An Open Access Review Journal Encouraging Critical Engagement with the Continuing Process of Inventing the Middle Ages

May 24, 2016

Ishiguro: The Buried Giant

Kazuo Ishiguro, The Buried Giant. New York: Alfred A. Knopf, 2015.

Reviewed by Arthur Bahr (

Kazuo Ishiguro’s seventh and most recent novel, The Buried Giant, is a frustrating one to read. Some part of this effect seems likely to be intentional, not just because Ishiguro can write beguilingly flowing stories when he chooses, but also because this book deals with two of the most frustrating aspects of human existence, memory and regret: the uncertainty of the former, the certainty of the latter, and the always vexed relation between them. Our frustration as readers, then, provides a way of empathizing with the characters whose struggles he recounts.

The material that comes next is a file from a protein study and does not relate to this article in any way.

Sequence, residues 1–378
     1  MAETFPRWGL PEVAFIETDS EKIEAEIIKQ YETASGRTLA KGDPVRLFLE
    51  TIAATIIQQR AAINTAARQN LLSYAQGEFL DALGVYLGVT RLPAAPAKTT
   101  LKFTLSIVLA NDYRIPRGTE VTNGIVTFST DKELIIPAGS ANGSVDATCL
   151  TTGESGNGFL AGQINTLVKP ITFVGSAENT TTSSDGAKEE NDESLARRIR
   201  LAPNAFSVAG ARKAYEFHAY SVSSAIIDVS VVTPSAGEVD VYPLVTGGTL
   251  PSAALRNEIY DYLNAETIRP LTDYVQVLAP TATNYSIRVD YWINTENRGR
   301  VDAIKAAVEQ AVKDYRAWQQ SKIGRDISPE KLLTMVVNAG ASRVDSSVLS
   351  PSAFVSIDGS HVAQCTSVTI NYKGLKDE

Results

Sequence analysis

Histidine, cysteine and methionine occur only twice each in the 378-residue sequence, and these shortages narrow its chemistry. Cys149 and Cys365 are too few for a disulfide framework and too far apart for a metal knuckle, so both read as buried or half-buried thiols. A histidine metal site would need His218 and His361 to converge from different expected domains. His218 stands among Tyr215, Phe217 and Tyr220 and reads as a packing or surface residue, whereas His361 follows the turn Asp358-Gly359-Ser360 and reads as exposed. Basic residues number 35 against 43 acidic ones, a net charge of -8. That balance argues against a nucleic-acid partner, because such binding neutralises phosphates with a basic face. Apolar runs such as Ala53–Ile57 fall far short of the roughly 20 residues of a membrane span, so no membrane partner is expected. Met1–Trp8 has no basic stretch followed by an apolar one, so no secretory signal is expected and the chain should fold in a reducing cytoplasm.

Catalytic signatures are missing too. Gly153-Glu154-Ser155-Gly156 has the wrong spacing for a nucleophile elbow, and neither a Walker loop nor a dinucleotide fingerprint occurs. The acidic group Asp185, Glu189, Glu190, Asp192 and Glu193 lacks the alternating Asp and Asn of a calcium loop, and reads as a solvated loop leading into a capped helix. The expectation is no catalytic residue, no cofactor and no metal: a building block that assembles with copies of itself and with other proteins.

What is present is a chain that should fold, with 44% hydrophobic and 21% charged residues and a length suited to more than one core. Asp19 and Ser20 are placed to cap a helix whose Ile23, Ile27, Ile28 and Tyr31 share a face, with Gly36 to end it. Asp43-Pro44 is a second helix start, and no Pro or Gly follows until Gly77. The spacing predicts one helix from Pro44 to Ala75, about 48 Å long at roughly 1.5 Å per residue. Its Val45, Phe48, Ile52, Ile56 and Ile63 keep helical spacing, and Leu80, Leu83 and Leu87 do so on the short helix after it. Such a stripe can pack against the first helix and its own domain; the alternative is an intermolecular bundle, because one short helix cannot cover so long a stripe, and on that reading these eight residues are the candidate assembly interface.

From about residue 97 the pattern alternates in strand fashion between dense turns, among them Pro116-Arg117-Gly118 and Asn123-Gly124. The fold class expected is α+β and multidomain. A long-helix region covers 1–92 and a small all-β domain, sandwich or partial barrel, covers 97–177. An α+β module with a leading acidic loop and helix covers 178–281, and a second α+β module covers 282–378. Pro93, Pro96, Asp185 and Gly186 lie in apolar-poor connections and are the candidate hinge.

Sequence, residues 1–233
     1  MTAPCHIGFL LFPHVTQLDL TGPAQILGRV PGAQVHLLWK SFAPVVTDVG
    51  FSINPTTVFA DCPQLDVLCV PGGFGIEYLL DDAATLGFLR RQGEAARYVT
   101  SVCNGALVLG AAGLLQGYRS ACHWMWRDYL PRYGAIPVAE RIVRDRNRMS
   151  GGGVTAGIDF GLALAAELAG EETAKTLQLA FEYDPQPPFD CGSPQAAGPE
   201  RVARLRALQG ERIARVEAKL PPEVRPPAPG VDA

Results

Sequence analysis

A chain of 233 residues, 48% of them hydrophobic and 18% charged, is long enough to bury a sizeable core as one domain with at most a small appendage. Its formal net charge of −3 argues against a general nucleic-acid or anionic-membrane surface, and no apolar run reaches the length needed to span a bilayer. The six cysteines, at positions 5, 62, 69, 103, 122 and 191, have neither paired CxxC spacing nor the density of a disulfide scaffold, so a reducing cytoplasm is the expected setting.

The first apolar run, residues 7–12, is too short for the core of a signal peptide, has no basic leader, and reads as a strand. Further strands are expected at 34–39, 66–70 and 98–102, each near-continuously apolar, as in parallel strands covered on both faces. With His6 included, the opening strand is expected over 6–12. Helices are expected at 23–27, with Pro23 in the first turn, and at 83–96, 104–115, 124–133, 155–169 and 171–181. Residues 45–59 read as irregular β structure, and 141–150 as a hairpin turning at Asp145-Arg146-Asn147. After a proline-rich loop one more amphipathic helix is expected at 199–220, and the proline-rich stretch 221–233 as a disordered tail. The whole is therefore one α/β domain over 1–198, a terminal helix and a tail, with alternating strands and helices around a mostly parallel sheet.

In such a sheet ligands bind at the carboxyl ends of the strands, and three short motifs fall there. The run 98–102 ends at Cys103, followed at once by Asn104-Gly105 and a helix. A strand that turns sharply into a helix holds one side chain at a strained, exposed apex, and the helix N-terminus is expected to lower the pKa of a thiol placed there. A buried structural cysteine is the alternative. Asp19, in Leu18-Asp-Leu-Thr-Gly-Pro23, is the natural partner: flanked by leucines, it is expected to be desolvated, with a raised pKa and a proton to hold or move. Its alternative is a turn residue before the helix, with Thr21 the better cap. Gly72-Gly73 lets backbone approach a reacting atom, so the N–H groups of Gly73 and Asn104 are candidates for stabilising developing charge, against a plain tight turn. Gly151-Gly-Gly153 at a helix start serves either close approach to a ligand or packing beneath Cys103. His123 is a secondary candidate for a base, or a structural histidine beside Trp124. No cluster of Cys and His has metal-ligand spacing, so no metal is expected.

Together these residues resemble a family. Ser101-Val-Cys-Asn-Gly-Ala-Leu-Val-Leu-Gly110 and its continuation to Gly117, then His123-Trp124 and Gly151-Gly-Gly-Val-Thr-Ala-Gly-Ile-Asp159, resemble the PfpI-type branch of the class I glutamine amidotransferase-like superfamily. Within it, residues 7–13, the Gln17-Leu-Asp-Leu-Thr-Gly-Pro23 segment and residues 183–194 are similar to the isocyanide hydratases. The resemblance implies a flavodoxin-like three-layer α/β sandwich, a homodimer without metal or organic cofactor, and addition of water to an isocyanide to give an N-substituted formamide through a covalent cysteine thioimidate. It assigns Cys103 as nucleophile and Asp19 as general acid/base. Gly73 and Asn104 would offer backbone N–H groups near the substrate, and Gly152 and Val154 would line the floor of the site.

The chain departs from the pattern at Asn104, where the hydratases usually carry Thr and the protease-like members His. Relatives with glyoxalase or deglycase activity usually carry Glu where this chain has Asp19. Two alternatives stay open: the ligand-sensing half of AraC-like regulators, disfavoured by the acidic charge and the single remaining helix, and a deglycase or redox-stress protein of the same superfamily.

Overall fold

That’s the glass-half-full version, anyway. Sometimes—too often, for me—the novel was simply frustrating: slow, confusing, or both. The last sixty or so of its 317 pages pack considerable emotional punch, and Ishiguro’s prose is as lovely as ever, but there were many other moments when reading left me feeling aimless and abstracted, inclined simply to put the novel down and wander off. I would not have finished it if I hadn’t agreed to write this review; indeed, this review is overdue because I had a hard time finishing it. At some basic level, that can’t be a good thing to say about a piece of fiction.